Now more than ever, there is demand for flexibility in the working environment as the dynamic regarding careers and employment has changed. Juggle Jobs is a subscription-based recruitment platform that enables businesses to find and manage experienced flexible professionals (baristas, waiters, etc). This London startup plans on fully disrupting the recruiting industry and by 2027 it hopes to ensure that 50% of business leaders are female.
London Tech Watch spoke with CEO Romanie Thomas about how this platform plans to be a leading force behind the future of work.
Who were your investors and how much did you raise?
Seed £1.4M led by Oxford Capital. Social Capital and 7percent Ventures in SF also participated.
Tell us about what service Juggle Jobs provides.
A SaaS platform for the future of work – Juggle helps businesses to find and manage experienced flexible professionals.
How is Juggle Jobs different than other job recruitment platforms?
For professionals it’s largely unique – there are communities and job boards, but no UK digital platform genuinely championing their need to work flexibly.
What inspired you to start Juggle Jobs?
The lack of gender diversity in business leadership. Flexibility is a key factor in democratizing the working environment and ensuring women aren’t forced out by structural issues.
What market are you targeting and how big is it?
We’re disrupting a £26B recruitment industry.
What’s your business model?
Subscription: businesses pay a low monthly fee from successful placement of a flexible professional.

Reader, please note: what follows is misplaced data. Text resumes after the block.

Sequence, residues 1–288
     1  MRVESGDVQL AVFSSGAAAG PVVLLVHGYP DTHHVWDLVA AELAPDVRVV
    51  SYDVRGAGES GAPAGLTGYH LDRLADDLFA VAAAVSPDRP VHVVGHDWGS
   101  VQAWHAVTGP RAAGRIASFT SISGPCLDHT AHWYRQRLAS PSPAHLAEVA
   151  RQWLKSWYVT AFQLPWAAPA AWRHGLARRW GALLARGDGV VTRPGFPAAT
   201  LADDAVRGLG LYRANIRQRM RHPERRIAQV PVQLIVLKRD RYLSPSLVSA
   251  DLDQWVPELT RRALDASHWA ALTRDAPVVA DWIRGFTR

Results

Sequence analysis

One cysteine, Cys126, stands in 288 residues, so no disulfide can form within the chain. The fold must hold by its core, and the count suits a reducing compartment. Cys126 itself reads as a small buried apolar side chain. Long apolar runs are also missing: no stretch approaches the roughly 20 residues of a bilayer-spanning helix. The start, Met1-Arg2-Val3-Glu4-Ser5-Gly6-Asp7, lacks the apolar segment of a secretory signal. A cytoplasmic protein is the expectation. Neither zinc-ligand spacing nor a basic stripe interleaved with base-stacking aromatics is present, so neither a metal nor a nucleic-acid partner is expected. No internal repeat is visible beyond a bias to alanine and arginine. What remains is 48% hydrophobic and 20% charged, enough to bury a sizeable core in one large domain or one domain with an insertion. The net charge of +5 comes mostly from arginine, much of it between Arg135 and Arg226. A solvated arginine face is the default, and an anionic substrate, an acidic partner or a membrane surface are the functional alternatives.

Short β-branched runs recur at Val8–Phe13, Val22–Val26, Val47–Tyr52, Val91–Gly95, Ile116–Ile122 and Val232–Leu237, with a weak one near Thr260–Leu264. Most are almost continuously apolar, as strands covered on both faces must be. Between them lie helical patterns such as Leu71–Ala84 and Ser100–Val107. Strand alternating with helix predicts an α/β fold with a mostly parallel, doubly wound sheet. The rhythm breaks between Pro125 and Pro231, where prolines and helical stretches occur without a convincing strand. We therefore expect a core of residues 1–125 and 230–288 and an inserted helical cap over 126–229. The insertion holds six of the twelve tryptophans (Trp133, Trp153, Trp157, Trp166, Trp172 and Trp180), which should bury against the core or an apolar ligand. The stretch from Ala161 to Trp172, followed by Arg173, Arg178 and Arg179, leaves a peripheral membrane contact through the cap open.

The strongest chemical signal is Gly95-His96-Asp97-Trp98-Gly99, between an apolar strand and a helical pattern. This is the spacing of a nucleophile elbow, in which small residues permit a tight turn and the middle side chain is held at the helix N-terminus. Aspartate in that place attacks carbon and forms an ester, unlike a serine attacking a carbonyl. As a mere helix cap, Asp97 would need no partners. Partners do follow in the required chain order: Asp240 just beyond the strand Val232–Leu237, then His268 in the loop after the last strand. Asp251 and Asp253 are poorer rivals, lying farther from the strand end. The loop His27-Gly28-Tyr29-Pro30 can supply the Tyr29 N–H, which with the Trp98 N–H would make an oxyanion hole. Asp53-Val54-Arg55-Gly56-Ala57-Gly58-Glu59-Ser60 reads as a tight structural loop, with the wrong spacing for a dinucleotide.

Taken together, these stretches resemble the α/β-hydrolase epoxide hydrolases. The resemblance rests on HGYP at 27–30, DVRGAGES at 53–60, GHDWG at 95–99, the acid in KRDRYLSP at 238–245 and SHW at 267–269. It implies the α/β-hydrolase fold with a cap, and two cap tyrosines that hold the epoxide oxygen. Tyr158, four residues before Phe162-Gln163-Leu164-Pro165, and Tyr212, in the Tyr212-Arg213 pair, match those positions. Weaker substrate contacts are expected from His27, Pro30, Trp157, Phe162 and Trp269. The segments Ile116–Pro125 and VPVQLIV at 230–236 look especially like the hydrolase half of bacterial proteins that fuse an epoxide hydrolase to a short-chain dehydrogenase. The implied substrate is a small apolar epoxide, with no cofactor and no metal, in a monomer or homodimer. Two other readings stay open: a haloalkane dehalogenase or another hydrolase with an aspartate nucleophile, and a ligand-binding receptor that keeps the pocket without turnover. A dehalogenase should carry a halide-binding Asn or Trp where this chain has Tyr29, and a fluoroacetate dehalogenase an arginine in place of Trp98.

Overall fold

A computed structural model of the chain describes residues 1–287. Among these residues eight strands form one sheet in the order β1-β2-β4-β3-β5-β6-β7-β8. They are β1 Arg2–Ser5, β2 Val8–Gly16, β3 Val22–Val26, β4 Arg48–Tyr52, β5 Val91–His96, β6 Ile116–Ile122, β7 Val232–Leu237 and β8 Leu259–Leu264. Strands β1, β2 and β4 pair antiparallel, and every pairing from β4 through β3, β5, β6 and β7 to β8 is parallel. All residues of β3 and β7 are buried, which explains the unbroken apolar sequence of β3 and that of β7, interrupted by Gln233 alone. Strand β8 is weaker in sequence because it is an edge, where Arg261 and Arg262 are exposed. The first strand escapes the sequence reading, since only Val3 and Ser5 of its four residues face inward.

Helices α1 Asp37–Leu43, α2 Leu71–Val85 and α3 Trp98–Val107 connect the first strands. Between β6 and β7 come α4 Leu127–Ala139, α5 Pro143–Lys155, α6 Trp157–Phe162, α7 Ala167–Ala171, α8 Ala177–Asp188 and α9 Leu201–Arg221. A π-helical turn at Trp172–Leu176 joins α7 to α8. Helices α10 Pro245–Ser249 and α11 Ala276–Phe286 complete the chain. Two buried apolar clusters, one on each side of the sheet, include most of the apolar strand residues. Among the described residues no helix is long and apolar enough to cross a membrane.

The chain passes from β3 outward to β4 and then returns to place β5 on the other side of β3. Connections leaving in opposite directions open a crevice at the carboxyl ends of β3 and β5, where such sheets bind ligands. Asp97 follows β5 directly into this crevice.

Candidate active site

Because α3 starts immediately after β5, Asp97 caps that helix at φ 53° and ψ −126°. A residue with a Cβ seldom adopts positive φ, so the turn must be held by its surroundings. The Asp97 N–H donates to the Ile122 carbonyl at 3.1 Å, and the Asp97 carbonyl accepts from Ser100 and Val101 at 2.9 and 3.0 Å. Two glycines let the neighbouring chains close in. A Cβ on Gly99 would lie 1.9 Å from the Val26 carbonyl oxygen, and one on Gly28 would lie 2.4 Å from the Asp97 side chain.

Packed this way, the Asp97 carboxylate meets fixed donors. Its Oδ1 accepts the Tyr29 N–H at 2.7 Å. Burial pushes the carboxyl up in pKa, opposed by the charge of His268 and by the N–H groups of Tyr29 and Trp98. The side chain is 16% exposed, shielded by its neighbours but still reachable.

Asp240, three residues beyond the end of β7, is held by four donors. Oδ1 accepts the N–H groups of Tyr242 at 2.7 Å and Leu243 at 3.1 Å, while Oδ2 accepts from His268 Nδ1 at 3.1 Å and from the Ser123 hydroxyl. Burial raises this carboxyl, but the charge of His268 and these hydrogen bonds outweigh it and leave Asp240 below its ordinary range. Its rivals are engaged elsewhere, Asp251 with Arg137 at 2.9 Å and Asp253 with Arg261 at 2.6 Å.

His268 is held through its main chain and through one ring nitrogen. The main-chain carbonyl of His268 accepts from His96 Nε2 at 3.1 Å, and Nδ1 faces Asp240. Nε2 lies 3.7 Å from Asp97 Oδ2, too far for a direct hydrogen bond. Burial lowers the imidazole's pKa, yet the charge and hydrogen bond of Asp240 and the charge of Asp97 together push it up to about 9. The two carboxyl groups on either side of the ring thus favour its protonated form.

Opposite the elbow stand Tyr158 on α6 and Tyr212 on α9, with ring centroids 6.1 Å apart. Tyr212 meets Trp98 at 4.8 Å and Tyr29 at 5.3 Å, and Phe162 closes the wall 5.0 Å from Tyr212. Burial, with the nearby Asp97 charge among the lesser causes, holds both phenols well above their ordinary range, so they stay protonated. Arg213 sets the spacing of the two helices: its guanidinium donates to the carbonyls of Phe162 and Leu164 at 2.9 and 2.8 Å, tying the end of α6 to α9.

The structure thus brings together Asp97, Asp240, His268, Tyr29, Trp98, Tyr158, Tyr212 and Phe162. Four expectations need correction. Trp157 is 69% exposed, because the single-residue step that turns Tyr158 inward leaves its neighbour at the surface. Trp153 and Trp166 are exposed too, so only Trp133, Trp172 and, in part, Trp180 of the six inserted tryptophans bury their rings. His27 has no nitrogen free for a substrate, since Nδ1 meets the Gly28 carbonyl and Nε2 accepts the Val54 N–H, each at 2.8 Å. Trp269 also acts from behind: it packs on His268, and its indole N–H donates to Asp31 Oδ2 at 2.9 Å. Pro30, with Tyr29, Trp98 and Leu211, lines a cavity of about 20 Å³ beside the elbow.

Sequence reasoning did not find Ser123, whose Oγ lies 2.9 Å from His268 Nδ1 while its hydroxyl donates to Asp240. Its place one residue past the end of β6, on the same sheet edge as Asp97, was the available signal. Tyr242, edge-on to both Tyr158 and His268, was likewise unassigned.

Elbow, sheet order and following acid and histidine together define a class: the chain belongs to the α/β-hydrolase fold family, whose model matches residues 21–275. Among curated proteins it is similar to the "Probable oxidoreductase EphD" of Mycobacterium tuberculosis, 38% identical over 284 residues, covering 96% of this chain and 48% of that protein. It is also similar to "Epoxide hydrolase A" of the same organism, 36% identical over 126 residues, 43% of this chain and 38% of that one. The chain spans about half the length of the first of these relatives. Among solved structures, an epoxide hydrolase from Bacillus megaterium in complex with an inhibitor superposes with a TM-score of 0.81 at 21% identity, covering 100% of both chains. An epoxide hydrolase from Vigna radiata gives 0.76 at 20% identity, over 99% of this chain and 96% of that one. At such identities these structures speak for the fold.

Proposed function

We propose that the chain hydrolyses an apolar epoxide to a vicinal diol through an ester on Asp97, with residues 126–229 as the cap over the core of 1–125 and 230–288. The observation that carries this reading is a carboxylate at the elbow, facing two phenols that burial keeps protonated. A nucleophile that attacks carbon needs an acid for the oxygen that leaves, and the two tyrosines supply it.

What is your execution plan so you fulfill your aim of ensuring 50% of business leaders are female by the year 2027?
Place awesome professionals with businesses and work hard on their behalf to make sure they genuinely work flexibly and on their terms. Stick to our mission metrics too (a % of our placements have to be women so we know we’re on the right track.)
What was the funding process like?
A rollercoaster, but a fun one.
What are the biggest challenges that you faced while raising capital?
Me: I am my biggest challenge. Particularly trying to avoid the (accurate) stats around female funding getting to my head; it isn’t helpful for a winning mindset.
What factors about your business led your investors to write the check?
Awesome team, strong traction, a business model that makes sense to attack this market.
What advice can you offer companies in London that do not have a fresh injection of capital in the bank?
Persevere and plan. The best founders are on the realistic side of unrealistic. Keep that big vision in mind but meticulously plan to get there.
Where do you see the company going now over the near term?
To really make a step change in the future of work.
What is your favorite restaurant in London?
Hoppers (I’m Sri Lankan and I can honestly say it’s awesome).